In our early days, we felt that everyone was against us. Being alone at the start of this journey probably had something to do with that feeling, and knowing your child is facing a life of pain and suffering didn’t help. Add to that our government here in Canada denied Isaac access to the life-sustaining treatment he needed due to its expense, and the pharmaceutical company declined to provide access to him on a compassionate use basis.
So, our early voice was one of anger and frustration, of desperation and fear. It helped us accomplish our primary goal of getting Isaac the help he needed, but it really didn’t help make the systemic change required so that Isaac could get help and other patients in similar situations could also get help, let alone future patients in need. That early anger and frustration was a voice that governments simply wanted to silence by giving us what we wanted. Over time, it became clear to me that broader change required a voice that wasn’t always pushed to be silent, but one that folks wanted to listen to in collaboration, one that could participate in helping craft change. That didn’t mean it was any less passionate, just more open and forward looking, I think.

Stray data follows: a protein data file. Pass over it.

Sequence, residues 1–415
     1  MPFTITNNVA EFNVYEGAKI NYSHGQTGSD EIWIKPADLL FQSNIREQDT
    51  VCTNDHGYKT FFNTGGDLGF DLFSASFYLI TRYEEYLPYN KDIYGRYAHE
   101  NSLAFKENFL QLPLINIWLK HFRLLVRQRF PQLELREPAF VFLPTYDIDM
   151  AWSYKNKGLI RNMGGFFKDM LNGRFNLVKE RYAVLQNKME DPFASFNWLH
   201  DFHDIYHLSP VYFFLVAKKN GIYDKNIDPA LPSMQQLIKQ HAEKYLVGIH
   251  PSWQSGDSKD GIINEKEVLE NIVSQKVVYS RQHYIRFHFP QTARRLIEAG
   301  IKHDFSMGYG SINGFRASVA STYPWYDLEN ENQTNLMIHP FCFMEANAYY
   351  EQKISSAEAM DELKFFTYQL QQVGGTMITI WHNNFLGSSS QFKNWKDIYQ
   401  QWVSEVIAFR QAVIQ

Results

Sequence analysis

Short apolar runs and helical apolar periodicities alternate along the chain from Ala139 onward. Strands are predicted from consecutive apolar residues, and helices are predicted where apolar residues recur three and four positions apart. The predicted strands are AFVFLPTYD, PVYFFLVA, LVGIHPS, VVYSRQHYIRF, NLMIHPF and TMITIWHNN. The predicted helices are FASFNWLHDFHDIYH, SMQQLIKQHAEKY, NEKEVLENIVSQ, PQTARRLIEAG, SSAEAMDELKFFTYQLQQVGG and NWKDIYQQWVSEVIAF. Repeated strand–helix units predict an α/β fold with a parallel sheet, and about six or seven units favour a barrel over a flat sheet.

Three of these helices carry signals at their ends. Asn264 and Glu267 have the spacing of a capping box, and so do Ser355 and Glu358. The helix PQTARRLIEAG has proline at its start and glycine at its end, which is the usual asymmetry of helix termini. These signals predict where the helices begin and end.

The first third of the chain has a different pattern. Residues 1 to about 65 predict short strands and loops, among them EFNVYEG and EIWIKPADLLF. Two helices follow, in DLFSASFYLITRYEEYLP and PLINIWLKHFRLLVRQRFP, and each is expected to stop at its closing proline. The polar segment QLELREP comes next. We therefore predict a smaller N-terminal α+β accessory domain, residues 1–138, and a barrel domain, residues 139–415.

Once I realized that broader change was possible working in collaboration with all stakeholders — patients, industry, government, academia — it didn’t take long to realize that everyone wasn’t against us, not in the least. Sure, some pharmaceutical companies are unethical and immoral, but not all. Indeed, many are working hard to ensure patient needs are being met and evolving in the space to truly put patients first. Here in Canada, there are many politicians and bureaucrats who want to ensure patient needs are being met as well, and juggling the needs of both current patients and future patients while ensuring the sustainability of our healthcare system is a very difficult job. They need careful collaboration with organizations like ours to help make that happen, and the vast majority of jurisdictions here are open to that collaboration and partnership.
MacCracken: And how has Isaac’s voice evolved? He’s been through more than most adults.